The problem with the old process of selection was in fact twofold: one aspect was and still is loudly trumpeted; the other is British society’s and especially British education’s secret shame which people usually keep quiet about. The problem which everyone knows about is that the 11+ was far too crude an instrument of selection. It was based on Piaget and Cyril Burt and much of the thinking behind it has been long discredited. It didn’t allow for late developers, it divided children, often very visibly: my Grammar School (for yes, I went to one, and it is still a highly sought-after Grammar School to this day) had (and still has) a very distinctive striped blazer, so that the ‘successful’ pupils declared their success every time they went out of doors in school uniform. All this we know.

    The other problem, though, and critics of Grammar Schools are very bit as guilty of this as anyone else, is the appalling national snobbery about vocational education. We see this time and time again. Leaving aside the point about age 11 for a moment, why should going to a Modern Vocationally-orientated school be regarded as a failure? But it was and those who decry Grammar Schools are still doing it.

    Of course this problem goes far beyond the Secondary Modern. Our educational history is full of examples of failed attempts to raise the profile and esteem of vocational education. The death of apprenticeships; the scorn directed at BTEC courses or Applied A levels; dare I say the snobbery that was encountered by those who went to Polytechnic rather than university, so that Polytechnics felt obliged to seize the chance to become universities (and the scorn still directed at ‘former polys’ – step forward many Oxford and Cambridge students: I’ve seen what you write online) – the list goes on.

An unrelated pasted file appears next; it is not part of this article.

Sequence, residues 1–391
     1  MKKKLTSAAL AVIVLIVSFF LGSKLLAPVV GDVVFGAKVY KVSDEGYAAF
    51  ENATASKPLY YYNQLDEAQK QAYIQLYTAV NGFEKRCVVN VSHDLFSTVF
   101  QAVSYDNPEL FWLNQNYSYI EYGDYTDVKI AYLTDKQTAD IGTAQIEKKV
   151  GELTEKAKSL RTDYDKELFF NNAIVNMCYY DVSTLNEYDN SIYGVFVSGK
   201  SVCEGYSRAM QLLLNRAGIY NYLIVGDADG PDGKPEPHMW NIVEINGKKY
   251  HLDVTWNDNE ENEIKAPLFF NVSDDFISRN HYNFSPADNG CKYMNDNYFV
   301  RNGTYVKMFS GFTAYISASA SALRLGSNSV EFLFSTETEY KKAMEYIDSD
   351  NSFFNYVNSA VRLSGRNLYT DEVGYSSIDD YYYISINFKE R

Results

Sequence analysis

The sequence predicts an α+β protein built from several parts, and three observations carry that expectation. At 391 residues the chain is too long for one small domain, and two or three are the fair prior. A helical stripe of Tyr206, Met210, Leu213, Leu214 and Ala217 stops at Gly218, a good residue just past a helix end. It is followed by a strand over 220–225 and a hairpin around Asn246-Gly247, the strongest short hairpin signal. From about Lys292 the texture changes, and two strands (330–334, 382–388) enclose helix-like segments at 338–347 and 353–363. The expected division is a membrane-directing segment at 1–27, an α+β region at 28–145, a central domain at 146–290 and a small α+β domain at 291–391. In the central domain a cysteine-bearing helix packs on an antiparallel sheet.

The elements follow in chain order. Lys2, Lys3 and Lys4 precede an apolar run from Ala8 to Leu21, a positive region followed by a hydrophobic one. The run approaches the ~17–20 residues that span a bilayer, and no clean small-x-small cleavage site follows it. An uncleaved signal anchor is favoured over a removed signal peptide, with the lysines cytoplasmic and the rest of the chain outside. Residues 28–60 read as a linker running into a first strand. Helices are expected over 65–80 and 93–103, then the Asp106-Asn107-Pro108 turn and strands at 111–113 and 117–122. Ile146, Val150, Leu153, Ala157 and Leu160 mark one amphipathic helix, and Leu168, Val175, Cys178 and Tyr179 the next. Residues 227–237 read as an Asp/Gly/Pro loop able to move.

As long as we continue to denigrate vocational education, to regard it as second best, the argument against Grammar Schools will continue. But it seems a rather disappointing and, frankly, rather dishonourable ground on which to base it.

    Where they went wrong in the past – and this is a mistake that could be avoided this time round – was in having only one form of selection: the academic. The 11+ asked “Are you good enough for Grammar School?” and decided Yes or No: Win/Lose, Success/Failure. But what if, in keeping with the spirit of the 1944 Act, it had asked both “Are you good enough for Grammar School?’ AND “Are you good enough for Modern School?” If, instead of containing only what were in effect IQ test-type tasks, the selection process had also involved motor skills or problem-solving? If it had given as much prominence to practical skills as to mental? In those circumstances we might have achieved something closer to the German system, where there is still a selection process, but there is much more parity of esteem between the two types of education. Moreover, they also maintain a certain level of overlap between the two types of education: so apprentices also learn about the theory – even the history – underlying their craft.

    Dream on, you might say, at least in relation to the 1960s or 1970s. But, as I said at the start, we are not in the 1950s or any other decade other than the 2010s, and things have changed. Specifically:

    a) Since Kenneth Baker introduced the National Curriculum, and its principle was upheld by his successors like David Blunkett, Charles Clarke and especially Michael Gove, the argument about the merits of the Grammar School curriculum have been largely won. There are still a few figures in Schools of Education who grumble about children learning subjects and having to know things, but they have been largely marginalised: they have certainly lost the argument. The essentials of the subject-based Grammar School curriculum have been reinforced as a national model, largely – but only largely – with great success.

    b) This success has owed a tremendous amount to two separate developments:
    1. The introduction of testing in the primary school. While this was heavily overdone in the early stages, the introduction of SATs at the end of KS2, coupled with the emphasis on literacy, including grammar and parts of speech, and on numeracy, has enabled secondary schools to continue, develop or, if necessary, introduce a ‘Grammar School’-type National Curriculum